Sky TV To Restrict Gambling Adverts From Next Year

Spokesman says the move is to ensure that television remains a “safe space”

Sky TV’s chief executive for UK and Ireland, Stephen van Rooyen, gave the UK marketing media plenty to talk about over the weekend by revealing that the company proposes to limit the amount of gambling advertisements during its programs, and is considering ad-blocking technology to protect the vulnerable against gambling inducements.

Sky TV recently sold off all but 20 percent of its interest in Sky Betting and Gaming, which is now owned by The Stars Group.

Van Rooyen revealed a plan that will see the network accept fewer gambling ads from the first half of 2019, introducing a cap of a single gambling advert per commercial break to reduce the impact of the material on addicts.

The company hopes to have the restrictions in place by the start of the 2019-2020 Premier League football season.

The network executive said that Sky viewers and advertisers were concerned at the volume of gambling advertising, and that the network understands this.

“That’s why we’ve committed to limiting the amount of gambling ads on Sky and better protecting those vulnerable to problem gambling,” he said. “Thanks to regulation TV has long been a safe space, and these changes will make it even safer.”

In a more general assertion, Van Rooyen suggested that internet gambling constitutes a “real danger online” and will continue to do so until online platforms are regulated as tightly as television. Whether he is aware of the controls imposed by the UK Gambling Commission or not is not clear.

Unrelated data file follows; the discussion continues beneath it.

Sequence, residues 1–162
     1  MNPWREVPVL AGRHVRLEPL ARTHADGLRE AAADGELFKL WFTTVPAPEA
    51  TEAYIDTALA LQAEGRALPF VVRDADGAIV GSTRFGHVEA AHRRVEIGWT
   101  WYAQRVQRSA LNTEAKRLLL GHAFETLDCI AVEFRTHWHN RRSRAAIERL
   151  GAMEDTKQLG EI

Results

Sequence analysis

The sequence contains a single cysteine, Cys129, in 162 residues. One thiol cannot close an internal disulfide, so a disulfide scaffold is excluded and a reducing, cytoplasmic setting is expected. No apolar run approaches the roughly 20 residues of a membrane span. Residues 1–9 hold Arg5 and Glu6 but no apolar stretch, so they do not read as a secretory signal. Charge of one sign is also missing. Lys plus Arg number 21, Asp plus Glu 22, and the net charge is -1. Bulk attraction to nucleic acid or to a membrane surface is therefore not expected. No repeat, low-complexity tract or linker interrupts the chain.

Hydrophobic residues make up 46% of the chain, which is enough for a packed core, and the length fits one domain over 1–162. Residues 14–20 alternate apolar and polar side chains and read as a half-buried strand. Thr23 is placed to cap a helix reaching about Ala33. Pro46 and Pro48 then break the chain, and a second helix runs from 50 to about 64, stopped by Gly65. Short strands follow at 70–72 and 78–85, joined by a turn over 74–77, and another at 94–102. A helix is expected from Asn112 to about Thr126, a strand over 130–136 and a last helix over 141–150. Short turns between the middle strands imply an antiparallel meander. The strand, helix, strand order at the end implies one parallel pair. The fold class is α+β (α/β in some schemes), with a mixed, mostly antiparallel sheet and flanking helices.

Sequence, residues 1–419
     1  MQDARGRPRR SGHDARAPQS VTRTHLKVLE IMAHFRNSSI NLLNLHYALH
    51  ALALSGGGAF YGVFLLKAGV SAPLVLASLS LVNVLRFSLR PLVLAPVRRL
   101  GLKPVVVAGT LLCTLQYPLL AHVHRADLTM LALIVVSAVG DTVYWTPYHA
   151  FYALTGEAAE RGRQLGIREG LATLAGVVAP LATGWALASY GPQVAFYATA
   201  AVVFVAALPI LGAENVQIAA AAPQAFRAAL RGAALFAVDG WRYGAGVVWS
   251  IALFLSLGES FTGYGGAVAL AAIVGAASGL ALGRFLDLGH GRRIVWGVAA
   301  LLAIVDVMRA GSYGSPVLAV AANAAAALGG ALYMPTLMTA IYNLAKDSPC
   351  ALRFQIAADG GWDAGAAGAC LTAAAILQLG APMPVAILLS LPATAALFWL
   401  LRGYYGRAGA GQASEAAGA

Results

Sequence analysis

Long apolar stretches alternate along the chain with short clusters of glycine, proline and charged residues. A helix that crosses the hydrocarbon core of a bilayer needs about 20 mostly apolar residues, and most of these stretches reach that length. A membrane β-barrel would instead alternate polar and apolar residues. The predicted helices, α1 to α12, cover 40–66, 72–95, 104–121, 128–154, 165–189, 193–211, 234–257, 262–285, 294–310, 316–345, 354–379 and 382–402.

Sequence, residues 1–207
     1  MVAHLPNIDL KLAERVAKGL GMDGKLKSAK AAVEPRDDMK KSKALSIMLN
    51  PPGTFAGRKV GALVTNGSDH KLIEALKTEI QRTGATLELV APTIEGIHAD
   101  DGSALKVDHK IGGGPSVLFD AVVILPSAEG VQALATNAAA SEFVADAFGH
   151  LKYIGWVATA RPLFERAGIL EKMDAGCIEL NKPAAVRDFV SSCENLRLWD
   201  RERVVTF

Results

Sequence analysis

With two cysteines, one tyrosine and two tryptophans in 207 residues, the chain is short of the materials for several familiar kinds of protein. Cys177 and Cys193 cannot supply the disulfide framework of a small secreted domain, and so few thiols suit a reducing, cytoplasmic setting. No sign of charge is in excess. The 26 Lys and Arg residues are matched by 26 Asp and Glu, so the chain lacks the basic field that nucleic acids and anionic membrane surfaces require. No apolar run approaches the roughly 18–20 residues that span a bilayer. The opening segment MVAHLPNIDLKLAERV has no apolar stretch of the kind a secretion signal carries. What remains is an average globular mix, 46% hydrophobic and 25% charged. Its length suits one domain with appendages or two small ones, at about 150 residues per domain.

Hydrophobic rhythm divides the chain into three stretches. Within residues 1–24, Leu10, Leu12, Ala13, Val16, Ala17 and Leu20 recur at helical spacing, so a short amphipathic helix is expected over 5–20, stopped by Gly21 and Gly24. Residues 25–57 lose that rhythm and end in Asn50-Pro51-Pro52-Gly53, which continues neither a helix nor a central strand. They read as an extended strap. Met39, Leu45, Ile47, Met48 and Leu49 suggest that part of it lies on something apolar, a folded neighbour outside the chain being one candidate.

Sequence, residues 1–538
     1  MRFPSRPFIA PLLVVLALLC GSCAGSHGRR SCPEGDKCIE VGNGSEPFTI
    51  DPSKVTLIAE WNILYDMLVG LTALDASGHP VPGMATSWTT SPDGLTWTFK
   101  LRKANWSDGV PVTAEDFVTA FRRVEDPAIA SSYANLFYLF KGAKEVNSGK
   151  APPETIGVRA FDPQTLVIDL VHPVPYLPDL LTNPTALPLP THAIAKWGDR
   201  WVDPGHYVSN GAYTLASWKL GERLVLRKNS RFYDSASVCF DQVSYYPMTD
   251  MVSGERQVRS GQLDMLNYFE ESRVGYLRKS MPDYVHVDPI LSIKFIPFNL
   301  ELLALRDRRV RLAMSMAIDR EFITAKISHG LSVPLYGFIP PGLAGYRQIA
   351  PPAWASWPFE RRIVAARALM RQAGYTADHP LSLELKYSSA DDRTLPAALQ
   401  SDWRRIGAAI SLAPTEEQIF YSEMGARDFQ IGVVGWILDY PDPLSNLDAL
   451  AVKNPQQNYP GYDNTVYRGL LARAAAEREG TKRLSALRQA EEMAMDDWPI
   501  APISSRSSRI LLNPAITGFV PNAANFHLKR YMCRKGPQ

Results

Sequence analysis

Ad-blocking technology may also be on the cards at Sky TV, according to van Rooyen; who revealed that Sky viewers will be able to block all gambling ads across the network channels from June 2020 thanks to the introduction of new blocking technology that selects relevant creative for viewers.

Sky worked with the Money and Mental Health Policy Institute to understand the effect gambling advertising had on Sky viewers. Research found that those who are vulnerable to problem gambling, and those with mental health issues, were more likely to be influenced by these ads.

The Money and Mental Health Policy Institute recommended that the broadcaster made it easier to opt out of ads from the sector. The group’s director, Helen Undy, said:

“This is a really welcome step from Sky to empower customers who struggle with gambling by enabling them to opt out of gambling ads, and will no doubt be popular among other people too. It adds to the momentum across industries to tackle problem gambling.”